Mount Pearl, COD-NL looking at accessibility

Bonnie Belec
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City wants to become more disability friendly

The City of Mount Pearl is teaming up with the Coalition of Persons with Disabilities (COD) to review how the city is doing on the accessibility friendly scale.

The most recent review of Mount Pearl’s blue zone parking, released in 2012, shows 35 per cent are complying with regulations. However, 42 per cent are not and 23 have either a sign or a spaces painted blue. The city and the Coalition of Persons with Disabilities Newfoundland and Labrador are conducting an audit to see just how accessible it is. Coleman’s in Centennial Square has the proper signage in place.

In October 2012, the city released findings from a study it conducted around blue zone legislation compliance which found 42 per cent of all businesses and buildings surveyed had no signage or logos.

The government amended its blue zone legislation Feb. 3, 2012 “to clarify the requirement for permanent (rather than movable) vertical signs to designate these parking spaces to ensure they are visible year-round,” according to a recent email from Service NL.

These changes came into effect for new buildings Feb. 15, 2012 and for existing properties Sept.30, 2012.

Mount Pearl’s review also re­vealed 35 per cent of the businesses were following the regulations by having the signage and the blue zone parking in place and the remaining 23 per cent had one or the other.

“I don’t know where the numbers lie at this moment. That will be part of the new information. I wouldn’t say it’s changed a great deal,” said Coun. Andrew Ledwell, chairman of the planning and development committee, and a member of the transportation and public safety committee.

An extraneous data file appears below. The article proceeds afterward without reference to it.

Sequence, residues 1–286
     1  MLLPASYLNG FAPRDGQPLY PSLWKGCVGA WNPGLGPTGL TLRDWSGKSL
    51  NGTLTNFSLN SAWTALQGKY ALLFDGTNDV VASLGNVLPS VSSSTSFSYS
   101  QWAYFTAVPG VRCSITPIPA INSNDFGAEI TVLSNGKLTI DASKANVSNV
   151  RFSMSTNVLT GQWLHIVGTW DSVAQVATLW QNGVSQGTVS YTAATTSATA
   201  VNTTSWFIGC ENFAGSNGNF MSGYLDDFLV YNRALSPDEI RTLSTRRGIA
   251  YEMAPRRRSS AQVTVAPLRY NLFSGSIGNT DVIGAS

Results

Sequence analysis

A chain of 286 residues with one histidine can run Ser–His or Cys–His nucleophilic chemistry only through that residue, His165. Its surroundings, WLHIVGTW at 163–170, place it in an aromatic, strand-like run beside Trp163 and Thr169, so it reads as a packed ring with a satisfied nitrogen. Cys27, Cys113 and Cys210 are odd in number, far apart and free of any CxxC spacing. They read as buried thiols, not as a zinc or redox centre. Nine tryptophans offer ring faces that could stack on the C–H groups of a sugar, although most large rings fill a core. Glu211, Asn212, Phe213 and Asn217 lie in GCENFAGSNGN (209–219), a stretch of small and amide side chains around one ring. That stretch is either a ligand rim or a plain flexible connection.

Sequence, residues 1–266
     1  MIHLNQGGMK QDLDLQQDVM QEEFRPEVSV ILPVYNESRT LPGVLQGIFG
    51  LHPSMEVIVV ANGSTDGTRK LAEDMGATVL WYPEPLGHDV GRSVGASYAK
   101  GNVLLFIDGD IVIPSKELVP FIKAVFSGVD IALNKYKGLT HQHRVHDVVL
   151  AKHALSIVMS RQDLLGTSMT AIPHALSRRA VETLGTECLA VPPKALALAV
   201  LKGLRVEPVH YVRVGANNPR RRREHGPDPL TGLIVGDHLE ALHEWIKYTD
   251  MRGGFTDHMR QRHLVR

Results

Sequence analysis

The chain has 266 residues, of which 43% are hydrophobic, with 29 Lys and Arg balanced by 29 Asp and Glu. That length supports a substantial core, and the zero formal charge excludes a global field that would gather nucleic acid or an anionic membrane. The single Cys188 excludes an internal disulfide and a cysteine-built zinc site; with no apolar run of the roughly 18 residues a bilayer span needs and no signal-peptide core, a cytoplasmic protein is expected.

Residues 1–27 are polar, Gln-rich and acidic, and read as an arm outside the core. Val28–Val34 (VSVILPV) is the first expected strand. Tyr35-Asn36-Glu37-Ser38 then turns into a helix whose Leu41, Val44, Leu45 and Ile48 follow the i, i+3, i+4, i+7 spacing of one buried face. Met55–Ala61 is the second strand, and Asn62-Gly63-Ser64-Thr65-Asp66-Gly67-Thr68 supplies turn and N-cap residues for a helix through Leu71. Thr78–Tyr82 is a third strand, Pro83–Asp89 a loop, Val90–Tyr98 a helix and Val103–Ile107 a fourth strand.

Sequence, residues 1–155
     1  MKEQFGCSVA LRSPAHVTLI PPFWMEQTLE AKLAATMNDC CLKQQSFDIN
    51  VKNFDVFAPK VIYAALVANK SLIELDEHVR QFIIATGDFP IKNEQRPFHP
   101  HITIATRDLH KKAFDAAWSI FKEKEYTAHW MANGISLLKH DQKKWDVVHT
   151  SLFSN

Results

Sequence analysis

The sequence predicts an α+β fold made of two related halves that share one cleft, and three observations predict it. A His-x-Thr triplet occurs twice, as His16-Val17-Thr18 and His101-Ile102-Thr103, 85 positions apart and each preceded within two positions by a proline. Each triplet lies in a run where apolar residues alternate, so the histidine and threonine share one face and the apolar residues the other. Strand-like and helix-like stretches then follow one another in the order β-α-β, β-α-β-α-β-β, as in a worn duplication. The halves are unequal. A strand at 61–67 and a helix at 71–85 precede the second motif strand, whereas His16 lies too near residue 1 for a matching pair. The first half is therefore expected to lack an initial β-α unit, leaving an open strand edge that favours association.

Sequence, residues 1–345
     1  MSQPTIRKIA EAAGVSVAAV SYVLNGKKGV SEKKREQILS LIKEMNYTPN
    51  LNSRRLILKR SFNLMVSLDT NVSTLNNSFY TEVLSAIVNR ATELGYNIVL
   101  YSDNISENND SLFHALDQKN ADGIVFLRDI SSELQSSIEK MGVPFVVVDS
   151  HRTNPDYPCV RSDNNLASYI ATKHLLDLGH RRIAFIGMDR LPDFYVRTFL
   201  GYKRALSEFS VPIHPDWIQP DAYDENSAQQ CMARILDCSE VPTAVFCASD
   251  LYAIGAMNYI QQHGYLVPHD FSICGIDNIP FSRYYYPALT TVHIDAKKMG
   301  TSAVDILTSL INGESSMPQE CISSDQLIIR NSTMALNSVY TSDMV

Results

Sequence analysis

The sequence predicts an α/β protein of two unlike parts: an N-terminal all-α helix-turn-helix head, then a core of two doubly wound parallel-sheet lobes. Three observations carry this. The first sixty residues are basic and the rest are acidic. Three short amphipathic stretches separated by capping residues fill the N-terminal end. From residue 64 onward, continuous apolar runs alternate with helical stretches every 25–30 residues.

“Ideally, we’d like to see 100 per cent compliance with blue zone parking and 100 per cent accessibility to all buildings in the city,” he said.


Pleased with review

Kelly White, COD NL’s executive director, said she’s looking forward to the accessibility review with Mount Pearl.

“It’s really exciting what’s happening,” she said.

“We are pleased to be working with the City of Mount Pearl to conduct an audit of blue zone parking. Mount Pearl is a tremendously welcoming city and wants to ensure that it is fully accessible to everyone that lives, works and plays in their city. They see a huge benefit in having COD conduct this audit as a means to improve accessibility in their city and to heighten the awareness around disability in the city of Mount Pearl,” says White.

While the review is only in the initial stages, Ledwell said it will involve exploring some options about how to make city facilities more accessible.

He said it could include bringing in new regulations or policies around blue zones and parking lots, or ways to improve washroom facilities, and who has what, but it will be about more accessibility for everyone who has a disability.

“We’re willing to work with our business community to make all buildings more accessible, but right now we can only talk about city facilities,” he said.

“In terms of enforcing regulations, we can only enforce parking, but what we can do is work with the chamber and organizations to create a buzz around positive messaging, encourage people to make sure they have adequate blue zone parking and ask people to use it properly,” said Ledwell.

Fines for violations

Municipal enforcement officers and police can fine people for parking in blue zones without having a permit, but when it comes to all buildings having the international sign for disability parking and a blue-painted parking area, the government is the enforcer.